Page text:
What drugs are kids hawking these days? Nope, not marijuana, it's caffeine.
A recent paper published in Pediatricsby researchers at the Centers for Disease Controlshowed that 3 out of 4 U.S. children are consuming some kind of caffeine on a daily basis. That statistic hasn't really changed over the last ten years, but what was notable in the study is that children are drinking more and more coffee.
In fact, 17- and 18- year olds are getting double the amount of caffeine from coffee compared to ten years ago, and even the younger pre-teen crowd is getting more and more caffeine from a cup of coffee.
Why? Part of it is because the consumption of sodas has gone down and coffee and energy drinks up. In fact, in teenagers, soda consumption nowadays accounts for about 40 percent of caffeine, whereas ten years ago it was around 60 percent. Coffee is up from 10 percent to 24 percent of caffeine intake, according to the study.
So kids are drinking less soda and more coffee. Is that a bad thing?
There are those that hold that the whole "coffee is bad for children because it will stunt their growth" argument is no more than a myth, based more off of marketingthan science. But then there is the caffeine side of things.
The American Academy of Pediatrics recommends parents keep their children and teens away from coffee because of the potentially harmful effects including increases in heart rate and blood pressure. If adolescents do consume caffeine, the AAP says it should be no more than 100 milligrams of caffeine per day, which is about the amount in a cup of coffee. It gets harder when it comes to energy and sports drinks, as it can often be hard to determine exactly how much caffeine the drink consists of.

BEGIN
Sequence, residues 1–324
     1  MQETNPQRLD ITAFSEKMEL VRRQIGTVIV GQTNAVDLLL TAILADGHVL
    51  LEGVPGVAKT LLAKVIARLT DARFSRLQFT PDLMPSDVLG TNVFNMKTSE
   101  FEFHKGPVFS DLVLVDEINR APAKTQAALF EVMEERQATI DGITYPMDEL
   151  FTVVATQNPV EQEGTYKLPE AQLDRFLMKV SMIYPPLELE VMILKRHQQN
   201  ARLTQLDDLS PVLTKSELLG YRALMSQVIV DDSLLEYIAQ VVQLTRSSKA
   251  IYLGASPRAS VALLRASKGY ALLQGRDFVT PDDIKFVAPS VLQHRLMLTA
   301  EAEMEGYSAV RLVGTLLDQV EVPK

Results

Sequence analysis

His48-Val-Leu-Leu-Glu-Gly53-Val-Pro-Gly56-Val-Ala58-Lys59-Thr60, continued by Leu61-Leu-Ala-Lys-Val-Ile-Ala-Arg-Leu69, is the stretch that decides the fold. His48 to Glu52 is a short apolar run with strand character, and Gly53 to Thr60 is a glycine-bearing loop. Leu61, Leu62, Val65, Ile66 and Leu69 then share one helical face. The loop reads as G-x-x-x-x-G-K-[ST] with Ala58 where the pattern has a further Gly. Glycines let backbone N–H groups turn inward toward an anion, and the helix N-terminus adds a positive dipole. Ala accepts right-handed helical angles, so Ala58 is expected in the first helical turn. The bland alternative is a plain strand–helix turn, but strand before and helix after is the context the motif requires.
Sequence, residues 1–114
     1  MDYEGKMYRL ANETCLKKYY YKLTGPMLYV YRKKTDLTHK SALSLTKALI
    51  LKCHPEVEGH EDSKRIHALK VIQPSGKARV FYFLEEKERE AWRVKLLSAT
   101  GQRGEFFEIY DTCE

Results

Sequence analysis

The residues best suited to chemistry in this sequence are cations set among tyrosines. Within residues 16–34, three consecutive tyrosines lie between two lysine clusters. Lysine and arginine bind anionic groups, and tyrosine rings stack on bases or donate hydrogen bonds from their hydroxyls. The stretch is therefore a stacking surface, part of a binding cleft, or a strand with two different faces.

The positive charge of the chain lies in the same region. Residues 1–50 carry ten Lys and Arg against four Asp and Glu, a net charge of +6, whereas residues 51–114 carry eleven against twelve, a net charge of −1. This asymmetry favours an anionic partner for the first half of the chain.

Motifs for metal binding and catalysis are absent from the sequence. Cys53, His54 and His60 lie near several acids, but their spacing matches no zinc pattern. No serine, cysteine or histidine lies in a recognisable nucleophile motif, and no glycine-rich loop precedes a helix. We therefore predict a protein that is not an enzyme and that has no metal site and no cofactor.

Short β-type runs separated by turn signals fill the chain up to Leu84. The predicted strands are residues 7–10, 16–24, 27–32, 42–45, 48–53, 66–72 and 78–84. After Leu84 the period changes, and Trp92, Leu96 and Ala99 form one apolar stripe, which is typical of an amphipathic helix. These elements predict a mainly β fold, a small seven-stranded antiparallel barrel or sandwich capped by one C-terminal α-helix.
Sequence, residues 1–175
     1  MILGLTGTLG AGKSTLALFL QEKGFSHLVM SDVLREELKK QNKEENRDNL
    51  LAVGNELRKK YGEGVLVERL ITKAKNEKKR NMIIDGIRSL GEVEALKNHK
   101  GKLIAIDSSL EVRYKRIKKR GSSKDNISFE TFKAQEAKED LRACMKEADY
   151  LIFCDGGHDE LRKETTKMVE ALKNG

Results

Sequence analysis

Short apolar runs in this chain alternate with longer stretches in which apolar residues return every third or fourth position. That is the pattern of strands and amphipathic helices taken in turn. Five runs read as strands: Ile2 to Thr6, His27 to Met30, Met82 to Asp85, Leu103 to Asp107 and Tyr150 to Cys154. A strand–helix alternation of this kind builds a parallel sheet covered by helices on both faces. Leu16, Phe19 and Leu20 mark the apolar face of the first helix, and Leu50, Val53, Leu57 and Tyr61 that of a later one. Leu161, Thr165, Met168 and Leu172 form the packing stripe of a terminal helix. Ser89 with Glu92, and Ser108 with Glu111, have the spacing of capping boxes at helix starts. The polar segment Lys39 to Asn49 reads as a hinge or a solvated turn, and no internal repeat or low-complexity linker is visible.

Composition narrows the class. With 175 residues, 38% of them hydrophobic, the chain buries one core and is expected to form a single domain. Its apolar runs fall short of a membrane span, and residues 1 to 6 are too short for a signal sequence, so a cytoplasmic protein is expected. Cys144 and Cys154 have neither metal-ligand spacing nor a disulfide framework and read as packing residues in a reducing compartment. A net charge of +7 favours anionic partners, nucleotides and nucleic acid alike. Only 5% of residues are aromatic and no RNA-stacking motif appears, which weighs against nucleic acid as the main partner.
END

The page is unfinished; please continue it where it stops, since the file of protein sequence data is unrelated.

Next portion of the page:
“In many cases, it’s hard to tell how much caffeine is in a product by looking at the label,” Marcie Beth Schneider PhD said in an AAP statement. “Some cans or bottles of energy drinks can have more than 500 mg of caffeine, which is the equivalent of 14 cans of soda.”
But while children might be craving caffeine, they're not necessarily digging the strong taste of coffee, making things like blended and sweetened coffee drinks, Frappucinos for example, popular among the younger crowd. That of course gives you the mixture of sugar and caffeine, given that one tall Frappucino has about the same amount of sugar as a can of soda. A caffeine and a sugar high? You're better off serving your kids fruits, nuts and water.
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Image: Martin Mutch